TAMPA, Fla. — A furloughed manager with Titan Technologies, who oversaw hundreds of call center employees hired to help out-of-work Floridians navigate a state unemployment system riddled with problems, says the company had to launch a separate phone line to direct callers who threatened to harm or kill themselves.
The calls, Jonathan Branch said, continued to increase.
“The last two months of the contract, we had more threat calls in those last two months than we had the previous eight months combined," Branch told the ABC Action News I-Team. “It got to the point where there were two to three per week as opposed to two or three in a month. Hence the need to create an actual team to handle those specific kinds of calls.”
The calls prompted the creation of what Branch called a "threat line."
“I have email exchanges I can thoroughly recollect where the supervisors did not know what to do in those situations. They were overwhelmed, they were flustered, they didn’t want to be on the calls anymore. Some of them had to take a couple of hours off, some of them asked to take the rest of the day off because of being on the line, hearing someone threaten to kill themselves because they can’t get basic necessities. That is very scary," Branch said.
In an email, a DEO spokesperson told the I-Team, "The Department has always had procedures in place for calls when customers threaten the wellbeing of themselves or others. Handling threatening phone calls is included in training for all customer service representatives and contracted staff. We take those calls very seriously and staff are trained to handle these calls for everyone’s safety and wellbeing. These calls are not routed to anyone outside of the Department."
The I-Team contacted Titan multiples times to confirm the details of the "threat line" but has not yet heard back.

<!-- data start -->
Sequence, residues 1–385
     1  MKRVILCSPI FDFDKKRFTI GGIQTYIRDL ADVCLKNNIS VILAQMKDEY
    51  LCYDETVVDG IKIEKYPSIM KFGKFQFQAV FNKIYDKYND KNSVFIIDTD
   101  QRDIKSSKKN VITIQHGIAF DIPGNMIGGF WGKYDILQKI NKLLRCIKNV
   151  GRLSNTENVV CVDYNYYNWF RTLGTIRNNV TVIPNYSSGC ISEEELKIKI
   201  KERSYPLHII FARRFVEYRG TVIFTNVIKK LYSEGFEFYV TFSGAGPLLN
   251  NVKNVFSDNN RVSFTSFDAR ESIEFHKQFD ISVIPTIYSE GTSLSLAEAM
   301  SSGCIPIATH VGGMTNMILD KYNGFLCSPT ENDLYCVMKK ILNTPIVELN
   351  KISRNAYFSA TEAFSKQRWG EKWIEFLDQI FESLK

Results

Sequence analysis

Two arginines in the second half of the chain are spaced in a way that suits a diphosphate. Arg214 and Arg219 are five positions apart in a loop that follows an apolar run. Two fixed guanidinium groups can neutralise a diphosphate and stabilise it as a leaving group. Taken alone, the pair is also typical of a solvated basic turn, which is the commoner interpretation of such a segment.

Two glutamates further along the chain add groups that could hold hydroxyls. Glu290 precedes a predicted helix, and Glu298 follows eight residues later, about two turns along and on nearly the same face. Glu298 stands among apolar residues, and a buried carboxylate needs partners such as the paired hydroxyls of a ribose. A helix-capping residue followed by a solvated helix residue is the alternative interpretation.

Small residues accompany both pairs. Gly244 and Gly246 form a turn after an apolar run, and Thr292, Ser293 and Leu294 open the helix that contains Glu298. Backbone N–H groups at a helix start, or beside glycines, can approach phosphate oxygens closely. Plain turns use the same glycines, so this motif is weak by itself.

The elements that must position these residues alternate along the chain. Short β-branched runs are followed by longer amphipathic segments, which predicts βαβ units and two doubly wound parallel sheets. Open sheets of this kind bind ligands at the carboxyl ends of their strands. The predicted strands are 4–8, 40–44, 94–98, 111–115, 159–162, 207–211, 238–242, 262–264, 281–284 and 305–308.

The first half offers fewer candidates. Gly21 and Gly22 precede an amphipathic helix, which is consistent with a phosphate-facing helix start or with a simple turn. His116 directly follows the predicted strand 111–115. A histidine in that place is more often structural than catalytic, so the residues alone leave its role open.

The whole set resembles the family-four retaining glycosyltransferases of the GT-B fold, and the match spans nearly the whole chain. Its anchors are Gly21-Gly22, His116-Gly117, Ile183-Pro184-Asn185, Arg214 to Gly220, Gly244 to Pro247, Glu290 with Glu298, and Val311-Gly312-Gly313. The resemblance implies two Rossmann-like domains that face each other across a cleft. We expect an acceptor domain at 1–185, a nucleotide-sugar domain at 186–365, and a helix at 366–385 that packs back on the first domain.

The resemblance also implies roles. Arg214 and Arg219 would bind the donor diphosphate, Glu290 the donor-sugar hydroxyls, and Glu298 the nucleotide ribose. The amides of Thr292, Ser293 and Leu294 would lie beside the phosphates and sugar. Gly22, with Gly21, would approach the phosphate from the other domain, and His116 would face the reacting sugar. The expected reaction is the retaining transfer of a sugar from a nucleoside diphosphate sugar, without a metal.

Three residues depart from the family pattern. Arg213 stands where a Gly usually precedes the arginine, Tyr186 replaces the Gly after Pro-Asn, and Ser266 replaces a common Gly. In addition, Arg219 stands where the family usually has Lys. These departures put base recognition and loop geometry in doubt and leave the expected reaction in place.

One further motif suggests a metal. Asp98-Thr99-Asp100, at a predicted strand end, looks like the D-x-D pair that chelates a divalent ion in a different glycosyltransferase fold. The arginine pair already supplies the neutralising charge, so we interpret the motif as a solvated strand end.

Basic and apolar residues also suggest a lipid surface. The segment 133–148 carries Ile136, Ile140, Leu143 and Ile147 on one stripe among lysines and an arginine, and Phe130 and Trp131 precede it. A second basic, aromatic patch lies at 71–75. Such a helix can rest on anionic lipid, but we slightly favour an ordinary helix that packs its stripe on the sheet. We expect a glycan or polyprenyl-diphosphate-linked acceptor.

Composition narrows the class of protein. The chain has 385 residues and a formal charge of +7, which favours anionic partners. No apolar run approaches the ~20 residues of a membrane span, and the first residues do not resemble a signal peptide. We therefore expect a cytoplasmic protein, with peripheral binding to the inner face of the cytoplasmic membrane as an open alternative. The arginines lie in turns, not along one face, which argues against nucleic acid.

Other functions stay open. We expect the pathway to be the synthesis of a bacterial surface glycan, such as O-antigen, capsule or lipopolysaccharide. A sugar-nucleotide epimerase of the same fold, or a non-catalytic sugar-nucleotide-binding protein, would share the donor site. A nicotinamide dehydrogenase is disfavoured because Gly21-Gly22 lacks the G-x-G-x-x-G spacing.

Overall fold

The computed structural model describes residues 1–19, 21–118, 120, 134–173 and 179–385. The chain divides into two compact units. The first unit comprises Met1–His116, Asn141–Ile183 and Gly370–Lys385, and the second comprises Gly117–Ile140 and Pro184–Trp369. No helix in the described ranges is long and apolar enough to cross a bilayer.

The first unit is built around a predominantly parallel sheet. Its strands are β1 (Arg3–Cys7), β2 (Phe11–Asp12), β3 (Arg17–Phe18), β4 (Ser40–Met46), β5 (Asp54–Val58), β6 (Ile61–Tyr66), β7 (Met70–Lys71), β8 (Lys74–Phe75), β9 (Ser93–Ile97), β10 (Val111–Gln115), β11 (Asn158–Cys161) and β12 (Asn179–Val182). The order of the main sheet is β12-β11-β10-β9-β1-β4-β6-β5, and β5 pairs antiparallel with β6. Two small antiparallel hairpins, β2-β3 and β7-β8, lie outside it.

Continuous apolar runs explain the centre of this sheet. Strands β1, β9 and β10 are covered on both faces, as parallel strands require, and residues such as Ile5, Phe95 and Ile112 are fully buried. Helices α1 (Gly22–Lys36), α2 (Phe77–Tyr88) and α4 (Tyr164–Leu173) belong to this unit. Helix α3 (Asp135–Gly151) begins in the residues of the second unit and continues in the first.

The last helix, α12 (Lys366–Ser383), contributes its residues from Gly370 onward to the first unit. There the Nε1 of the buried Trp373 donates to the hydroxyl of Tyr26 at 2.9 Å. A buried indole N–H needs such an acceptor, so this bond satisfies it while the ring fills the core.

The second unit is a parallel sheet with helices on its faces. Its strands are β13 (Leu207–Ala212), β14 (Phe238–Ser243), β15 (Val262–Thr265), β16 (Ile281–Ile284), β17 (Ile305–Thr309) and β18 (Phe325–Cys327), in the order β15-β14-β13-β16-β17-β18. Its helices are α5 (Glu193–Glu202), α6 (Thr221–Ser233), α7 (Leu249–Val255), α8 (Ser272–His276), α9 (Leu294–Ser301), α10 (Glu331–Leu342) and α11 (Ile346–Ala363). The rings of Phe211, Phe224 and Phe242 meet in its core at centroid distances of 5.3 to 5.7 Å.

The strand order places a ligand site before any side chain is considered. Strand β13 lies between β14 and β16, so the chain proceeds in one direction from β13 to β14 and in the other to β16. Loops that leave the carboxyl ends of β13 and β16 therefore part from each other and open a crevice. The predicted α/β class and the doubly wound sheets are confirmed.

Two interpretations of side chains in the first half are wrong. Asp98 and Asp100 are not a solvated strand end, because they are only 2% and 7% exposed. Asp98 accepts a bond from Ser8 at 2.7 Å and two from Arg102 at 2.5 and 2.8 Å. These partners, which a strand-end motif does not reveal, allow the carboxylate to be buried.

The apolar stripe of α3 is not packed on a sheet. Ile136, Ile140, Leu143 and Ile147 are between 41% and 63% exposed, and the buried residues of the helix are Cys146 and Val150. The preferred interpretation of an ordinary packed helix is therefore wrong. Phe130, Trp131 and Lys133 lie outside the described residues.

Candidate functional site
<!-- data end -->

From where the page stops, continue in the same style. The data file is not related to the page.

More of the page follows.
What is clear, is that the end of DEO's contract with Titan did not mark the end of an urgent need for Floridians to access their unemployment benefits.
“What we are seeing now is people almost, in some cases giving up on the system itself, which is probably why it appears that there is more of a recovery than there is," Branch said. "I was so surprised they ended the contract in the first place. I couldn't understand."
Branch said desperate calls, texts and voicemails he's been receiving from former Titan employees who reported to him, now pleading for answers to be able to collect their own unemployment, is what has pushed him to speak out.
“These folks in my position, we were paid $26 bucks an hour to essentially be good therapists, to be good financial — to be good advisors, essentially," Branch said. "The least we can do is make sure that the folks who are in a bad situation get what they need. That's the least we can do."
ABC Action News has now sent more than 30,000 names to DEO, in an effort to help get Floridians to get the unemployment benefits they are owed.
Help is always available. If you are having thoughts of harming yourself, the Crisis Center of Tampa Bay is open 24/7 and its' free. Just call 211 to speak confidentially to someone who can help or call the "National Suicide Prevention Lifeline" at 1-800-273-TALK (8255).
If you have a story you'd like the I-Team to investigate, email email@example.com